The debate concerning audiences being passive victims of the media and media being capable of radically effecting people’s behavior and beliefs, dates far back into history. An extremely appropriate illustration of this is when Hitler and Stalin attempted to use the media as propaganda by persuading the mass audiences to follow their policies and beliefs. Thus we can see how what an extremely precarious weapon media can be in the wrong hands, capable even of convincing millions to follow iniquitous beliefs.
We see this persuasion still today in elections which is the same sort of propaganda. The Effects model of media audiences assumes that being exposed to adverse content can result in harm, that the audience is equally harmed by the media withholding high-quality content and the fact that although beneficial content is made accessible, it is being underused by the audience. “The Commodity Model is less wedded to any notion of audiences as individual decision makers and is more a reflection of the fact that, under advertiser support, they are a common coin of exchange. (Webster, 1994:30)
Audiences are thus seen as commodities; the media will construct a text, in such a way that it will produce an audience. An example of this is the show Friends and how it is theorized that this show is actually a method of selling beauty products. Friends features stunning people, in amusing situations who are all blissful. Thus young audiences wanting to follow the latest trends of the main characters and experience their happiness would buy the beauty products sponsoring the show.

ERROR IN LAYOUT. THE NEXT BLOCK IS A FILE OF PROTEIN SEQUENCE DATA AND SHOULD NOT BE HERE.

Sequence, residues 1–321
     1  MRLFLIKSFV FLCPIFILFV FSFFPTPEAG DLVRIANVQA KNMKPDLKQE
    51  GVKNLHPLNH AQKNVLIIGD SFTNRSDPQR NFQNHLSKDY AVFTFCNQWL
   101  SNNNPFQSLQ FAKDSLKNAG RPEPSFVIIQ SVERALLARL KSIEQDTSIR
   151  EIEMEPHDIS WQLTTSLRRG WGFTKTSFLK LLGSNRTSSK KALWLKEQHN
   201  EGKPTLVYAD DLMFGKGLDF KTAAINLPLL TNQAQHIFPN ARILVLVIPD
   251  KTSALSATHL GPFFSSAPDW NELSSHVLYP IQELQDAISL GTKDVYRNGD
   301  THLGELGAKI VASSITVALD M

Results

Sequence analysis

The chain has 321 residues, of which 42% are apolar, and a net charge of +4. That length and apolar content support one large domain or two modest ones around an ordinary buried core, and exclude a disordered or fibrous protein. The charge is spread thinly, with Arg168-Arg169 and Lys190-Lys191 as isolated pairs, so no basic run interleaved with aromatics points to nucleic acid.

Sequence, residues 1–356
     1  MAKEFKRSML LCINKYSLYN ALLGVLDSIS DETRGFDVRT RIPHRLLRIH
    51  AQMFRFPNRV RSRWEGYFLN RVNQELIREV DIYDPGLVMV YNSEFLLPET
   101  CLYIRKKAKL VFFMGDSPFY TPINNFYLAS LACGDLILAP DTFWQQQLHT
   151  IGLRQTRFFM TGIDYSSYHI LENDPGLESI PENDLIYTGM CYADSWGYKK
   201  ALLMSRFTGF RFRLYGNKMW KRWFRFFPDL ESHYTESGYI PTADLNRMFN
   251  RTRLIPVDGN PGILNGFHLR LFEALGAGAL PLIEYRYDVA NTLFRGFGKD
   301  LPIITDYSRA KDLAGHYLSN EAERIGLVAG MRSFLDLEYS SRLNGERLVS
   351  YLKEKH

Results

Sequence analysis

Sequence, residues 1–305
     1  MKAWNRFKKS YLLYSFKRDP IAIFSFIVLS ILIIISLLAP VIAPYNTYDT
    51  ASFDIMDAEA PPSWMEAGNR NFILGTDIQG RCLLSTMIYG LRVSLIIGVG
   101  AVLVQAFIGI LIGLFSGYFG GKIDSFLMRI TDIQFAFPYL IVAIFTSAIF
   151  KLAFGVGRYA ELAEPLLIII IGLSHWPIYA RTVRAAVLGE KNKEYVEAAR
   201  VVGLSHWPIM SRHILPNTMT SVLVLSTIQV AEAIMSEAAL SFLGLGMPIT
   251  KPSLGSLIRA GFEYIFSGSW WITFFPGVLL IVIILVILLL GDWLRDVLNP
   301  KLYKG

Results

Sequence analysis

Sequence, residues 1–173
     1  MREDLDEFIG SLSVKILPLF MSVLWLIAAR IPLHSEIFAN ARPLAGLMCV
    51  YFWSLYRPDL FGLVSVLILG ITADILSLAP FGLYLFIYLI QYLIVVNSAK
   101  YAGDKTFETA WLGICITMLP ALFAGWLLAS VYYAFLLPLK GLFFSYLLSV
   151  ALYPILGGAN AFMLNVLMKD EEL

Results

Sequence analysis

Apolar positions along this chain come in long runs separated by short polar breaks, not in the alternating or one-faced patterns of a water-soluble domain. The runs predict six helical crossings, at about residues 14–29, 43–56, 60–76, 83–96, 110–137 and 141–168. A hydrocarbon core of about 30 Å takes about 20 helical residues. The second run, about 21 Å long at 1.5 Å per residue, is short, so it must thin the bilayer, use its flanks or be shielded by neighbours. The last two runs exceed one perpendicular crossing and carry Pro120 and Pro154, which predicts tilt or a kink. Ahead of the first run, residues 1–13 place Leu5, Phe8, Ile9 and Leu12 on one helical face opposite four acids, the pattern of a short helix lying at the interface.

In the argument pro passivity, “The Frankfurt School, who were concerned about the possible effects of mass media… considered society to be composed of isolated individuals who were susceptible to media messages. “(Hanes, 2000) Thus the theory of the Hypodermic Syringe was proposed. This theory states that the media takes on the life of a syringe by injecting principles, and beliefs into the audience, who as passive mass viewers have no option but to be influenced and accept or imitate these messages.
An example of this is if you see a woman sweeping the floor, being a woman you would go and do the same or being a man, you would expect the woman to go and sweep the floor. ” Certain films such as the Exorcist were banned for this very reason; it was felt that it might encourage people to imitate the acts of violence in the film, in other words, if you watch something violent you will accordingly perform a violent act yourself. Yet another theory supporting the passivity debate is the Cultivation theory.
This theory surmises that although an individual media text might not impact or affect an individual, years and years of being exposed to violence may consequently make you less sensitive and responsive to violence. If an audience, for instance, is constantly exposed to domestic violence, it may not bother them too much because they have been desensitized and domestic violence may have become just another societal norm which is exceptionally problematic.